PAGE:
Like several notable successful businesses, Metro Lighting was launched in a garage. Unlike Apple or Hewlett-Packard, however, the Berkeley company did not graduate to a sprawling corporate campus.
Instead, the couple behind Metro Lighting have fashioned a work space in keeping with the handcrafted light fixtures they create. And their commitment to design and sustainability has paid off. This month Metro Lighting’s showroom and manufacturing operation at 2240 San Pablo Avenue was awarded the Acterra Business Environmental Award for its impeccable green credentials.
Lawrence Grown and Christa Rybczynski, who met at architecture school in Cincinnati, OH, moved to Berkeley 20 years ago. Architecture work was hard to find and Grown took a job at Ohmega Salvage. It was there he formed a passion for rebuilding antique lighting and, in 1993, he and Rybczynski decided to open a business restoring and crafting light fixtures.
He named the store, a 600 sq ft pace on Delaware Street, “Organically Grown Design Work”, a nod both to his name and to his mission. However the moniker did not immediately resonate with some customers. “We used to have people coming in asking us if we sold drugs,” said Grown.
The next move was to 2121 San Pablo, into the space now occupied by Gaumenkitzel restaurant. Grown and Rybczynski cut their remodeling teeth there, but it was only when they bought their current building that they pulled out all the stops in terms of their design and architectural skills. Working with John Mora from JBM Construction and Charles Kahn from Kahn Design Associates, they set out to convert what Grown describes as a dilapidated “long, low cave”.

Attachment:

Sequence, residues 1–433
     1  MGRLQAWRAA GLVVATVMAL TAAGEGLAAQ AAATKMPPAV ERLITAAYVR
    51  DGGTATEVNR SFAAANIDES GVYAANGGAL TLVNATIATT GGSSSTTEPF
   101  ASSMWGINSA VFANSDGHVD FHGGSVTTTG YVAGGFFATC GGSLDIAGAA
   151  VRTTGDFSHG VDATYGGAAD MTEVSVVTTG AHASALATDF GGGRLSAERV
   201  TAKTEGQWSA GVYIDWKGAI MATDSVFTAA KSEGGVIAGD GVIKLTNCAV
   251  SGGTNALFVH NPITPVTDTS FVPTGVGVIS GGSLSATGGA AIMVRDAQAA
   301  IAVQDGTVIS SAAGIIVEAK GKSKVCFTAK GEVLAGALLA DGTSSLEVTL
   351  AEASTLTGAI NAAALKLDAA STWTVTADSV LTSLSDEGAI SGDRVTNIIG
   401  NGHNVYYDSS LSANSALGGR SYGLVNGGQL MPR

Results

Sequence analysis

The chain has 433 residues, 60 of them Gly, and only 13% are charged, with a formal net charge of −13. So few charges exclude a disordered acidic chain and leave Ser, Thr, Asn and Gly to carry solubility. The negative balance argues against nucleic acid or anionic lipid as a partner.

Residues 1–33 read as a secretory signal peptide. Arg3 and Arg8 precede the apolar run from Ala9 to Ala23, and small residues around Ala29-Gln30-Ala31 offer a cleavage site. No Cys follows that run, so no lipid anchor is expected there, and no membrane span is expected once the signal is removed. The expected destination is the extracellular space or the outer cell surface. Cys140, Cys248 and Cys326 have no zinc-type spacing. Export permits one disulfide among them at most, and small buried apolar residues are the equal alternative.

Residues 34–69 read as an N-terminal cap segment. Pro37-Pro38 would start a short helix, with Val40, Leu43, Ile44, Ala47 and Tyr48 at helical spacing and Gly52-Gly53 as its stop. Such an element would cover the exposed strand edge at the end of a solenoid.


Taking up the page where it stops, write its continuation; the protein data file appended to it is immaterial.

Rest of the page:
The pair liked the look of the roof with its truss structure, and felt the building had good bones. Their approach was green to the core: “We salvaged 90% of the demolition lumber, recycled 90% of the demolition waste, reused furnishings from our previous location, incorporated sustainable and eco-friendly materials, and became electrically self-sufficient with the installation of a new 21 kilowatt photovoltaic solar energy system,” said Rybczynski.
There are solar panels on the roof, water and energy saving systems, low-VOC paints and FSC wood. Being friends with the people behind Ecohome Improvement up the street proved fortuitous. “We are like another showroom for them,” notes Grown.
There was also a fair amount of sweat equity involved. “We are a family run business operating on a limited budget. Sustainability is a high priority for us so we did some of the work ourselves — including most of the flooring — to offset the higher cost of quality materials,” said Grown.
An open kitchen in the space showcases the company’s kitchen lighting fixtures, and sliding glass doors lead into the workshop and allow customers to observe the manufacturing process up close. Grown says they see a lot of customers who are “doing the tour” of the home design corridor on San Pablo. “People tell us they like watching the lights being made and they want to support local craftsmanship.”
Acterra is an environmental organization formed from the merger of the Peninsula Conservation Center Foundation and Bay Area Action. Its Business Environmental Awards honor Bay Area businesses for their leadership in business practices, sustainable design, and environmental soundness, and the promotion of social justice. The company hopes that its that awardees will teach by example to encourage other Bay Area businesses to incorporate environmentally sound practices.
Grown and Rybczynski, who have three children and are active in their schools, Walden and Berkeley High, will pick up their award in Palo Alto, home to Acterra, in June.